Thursday, November 2, 2017

Unbodied by Books

I am unbodied by thy books, and thee, and in thy papers find my ecstasy.

— Henry Cornelius Agrippa

Your worldview
—your set of beliefs and assumptions about realityis bred in your teens, according to psychologists.

Mine were filled with the usual distractions—schoolwork, buddies, rock music, substances, girls, urban adventures—and books.

The four that more than any other formed my worldview were all written by men, and all in the 20th century. I can't say precisely why they made such a mark on me, but I'll describe the mark they made.

Portnoy's Complaint (Philip Roth, 1969). I was born in Newark, New Jersey (the novel's setting), so I just had to read what The New Yorker was labeling in 1969 "one of the dirtiest books ever published." Roth blew my 16-year-old mind. I learned from the novel the adult world wasn't too different than my own. Everyone felt childish. Everyone felt inadequate. Everyone felt guilty. Everyone felt trapped. If he didn't, he was a schmuck.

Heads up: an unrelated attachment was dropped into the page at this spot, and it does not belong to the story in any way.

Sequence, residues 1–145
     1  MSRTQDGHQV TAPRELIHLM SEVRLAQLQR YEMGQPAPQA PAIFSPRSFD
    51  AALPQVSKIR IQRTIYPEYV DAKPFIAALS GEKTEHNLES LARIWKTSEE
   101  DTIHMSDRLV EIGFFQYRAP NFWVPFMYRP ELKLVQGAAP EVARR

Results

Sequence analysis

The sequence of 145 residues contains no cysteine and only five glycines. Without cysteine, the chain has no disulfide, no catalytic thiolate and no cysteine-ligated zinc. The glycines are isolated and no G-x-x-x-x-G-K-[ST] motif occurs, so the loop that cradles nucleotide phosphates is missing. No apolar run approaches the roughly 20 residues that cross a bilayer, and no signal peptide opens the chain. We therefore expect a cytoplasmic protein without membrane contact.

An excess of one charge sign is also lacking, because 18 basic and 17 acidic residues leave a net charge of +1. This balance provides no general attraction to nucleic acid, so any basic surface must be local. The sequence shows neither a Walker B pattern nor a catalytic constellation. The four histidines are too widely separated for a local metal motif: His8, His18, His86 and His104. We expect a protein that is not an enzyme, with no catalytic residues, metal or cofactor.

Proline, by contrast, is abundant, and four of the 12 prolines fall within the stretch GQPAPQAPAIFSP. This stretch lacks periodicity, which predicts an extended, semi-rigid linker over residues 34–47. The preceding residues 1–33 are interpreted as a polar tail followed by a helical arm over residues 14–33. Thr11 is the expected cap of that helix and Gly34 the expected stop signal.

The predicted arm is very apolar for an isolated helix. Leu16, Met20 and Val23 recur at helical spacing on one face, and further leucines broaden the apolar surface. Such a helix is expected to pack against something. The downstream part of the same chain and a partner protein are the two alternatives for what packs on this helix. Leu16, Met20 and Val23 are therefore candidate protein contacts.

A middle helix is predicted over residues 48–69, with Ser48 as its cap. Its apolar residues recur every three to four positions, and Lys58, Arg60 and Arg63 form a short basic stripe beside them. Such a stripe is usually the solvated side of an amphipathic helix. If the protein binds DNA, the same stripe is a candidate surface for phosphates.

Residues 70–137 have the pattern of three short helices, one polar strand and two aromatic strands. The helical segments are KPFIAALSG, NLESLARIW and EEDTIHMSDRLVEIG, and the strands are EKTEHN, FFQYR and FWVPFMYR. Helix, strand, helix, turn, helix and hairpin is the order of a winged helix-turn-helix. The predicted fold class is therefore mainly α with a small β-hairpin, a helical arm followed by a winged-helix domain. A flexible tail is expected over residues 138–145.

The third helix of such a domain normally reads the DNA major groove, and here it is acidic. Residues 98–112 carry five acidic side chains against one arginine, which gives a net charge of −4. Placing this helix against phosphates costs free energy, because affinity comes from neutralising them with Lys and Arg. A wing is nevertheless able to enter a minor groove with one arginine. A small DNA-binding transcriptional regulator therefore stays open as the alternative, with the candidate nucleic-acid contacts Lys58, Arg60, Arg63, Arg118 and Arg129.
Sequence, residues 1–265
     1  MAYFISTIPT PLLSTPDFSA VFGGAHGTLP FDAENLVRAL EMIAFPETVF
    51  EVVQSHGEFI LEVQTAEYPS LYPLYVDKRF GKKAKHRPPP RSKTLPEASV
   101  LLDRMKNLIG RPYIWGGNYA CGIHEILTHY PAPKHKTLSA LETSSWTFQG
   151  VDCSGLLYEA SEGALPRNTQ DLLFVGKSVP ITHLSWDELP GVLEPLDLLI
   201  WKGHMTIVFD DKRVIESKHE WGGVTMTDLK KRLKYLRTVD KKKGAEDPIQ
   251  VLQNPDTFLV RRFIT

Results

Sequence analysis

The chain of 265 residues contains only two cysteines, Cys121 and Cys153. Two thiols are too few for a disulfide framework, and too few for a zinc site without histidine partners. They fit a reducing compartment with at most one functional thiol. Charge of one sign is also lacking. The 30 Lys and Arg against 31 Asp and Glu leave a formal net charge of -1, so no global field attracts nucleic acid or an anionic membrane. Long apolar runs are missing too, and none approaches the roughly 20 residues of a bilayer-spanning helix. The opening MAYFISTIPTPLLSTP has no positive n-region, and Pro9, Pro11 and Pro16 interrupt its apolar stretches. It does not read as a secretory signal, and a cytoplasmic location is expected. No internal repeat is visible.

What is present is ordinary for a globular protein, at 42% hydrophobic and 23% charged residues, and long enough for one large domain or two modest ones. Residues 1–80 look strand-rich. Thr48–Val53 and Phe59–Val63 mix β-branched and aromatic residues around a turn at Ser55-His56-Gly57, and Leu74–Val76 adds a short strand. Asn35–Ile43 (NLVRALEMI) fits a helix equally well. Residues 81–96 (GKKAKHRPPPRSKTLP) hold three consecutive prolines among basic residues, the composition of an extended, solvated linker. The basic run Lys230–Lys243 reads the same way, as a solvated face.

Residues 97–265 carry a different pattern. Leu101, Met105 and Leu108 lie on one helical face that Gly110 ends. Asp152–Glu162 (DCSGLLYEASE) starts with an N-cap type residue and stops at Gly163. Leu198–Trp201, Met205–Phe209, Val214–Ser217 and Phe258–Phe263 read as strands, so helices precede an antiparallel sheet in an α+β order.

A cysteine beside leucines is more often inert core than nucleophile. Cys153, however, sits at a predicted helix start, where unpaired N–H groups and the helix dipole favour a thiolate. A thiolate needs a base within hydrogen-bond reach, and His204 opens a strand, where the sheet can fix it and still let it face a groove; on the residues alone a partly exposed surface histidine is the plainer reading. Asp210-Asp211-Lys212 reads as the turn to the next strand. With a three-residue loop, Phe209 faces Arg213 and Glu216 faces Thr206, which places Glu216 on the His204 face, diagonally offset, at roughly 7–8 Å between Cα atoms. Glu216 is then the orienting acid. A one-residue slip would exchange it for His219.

Catch-22 (Joseph Heller, 1961). A high-school English teacher assigned this novel. I still remember he called it "an existential picaresque." The novel showed me the system was a racket run by preening half-wits; the rules were cruel and absurd and made up by self-serving hustlers; and the good died young. I was 17, a year from the draft and a possible tour in Vietnam.

The Sound and the Fury (William Faulkner, 1929). Another English teacher assigned Faulkner's family saga, considered by the author his personal favorite and by many other writers as the best American novel of the 20th century. The Sound and the Fury showed me at age 18 that myths, secrets and "family politics" can condemn you.

Being and Time (Martin Heidegger, 1927). I encountered Heidegger's masterwork in college. From it I learned in painstaking detail why we're so crazy, fragile and nervous: we're all bozos on this bus, and it's heading for a cliff. Being is time and time is finite, Heidegger makes clear. Or, as Samuel Beckett wrote, "They give birth astride of a grave, the light gleams an instant, then it's night once more."

Which books formed your worldview?
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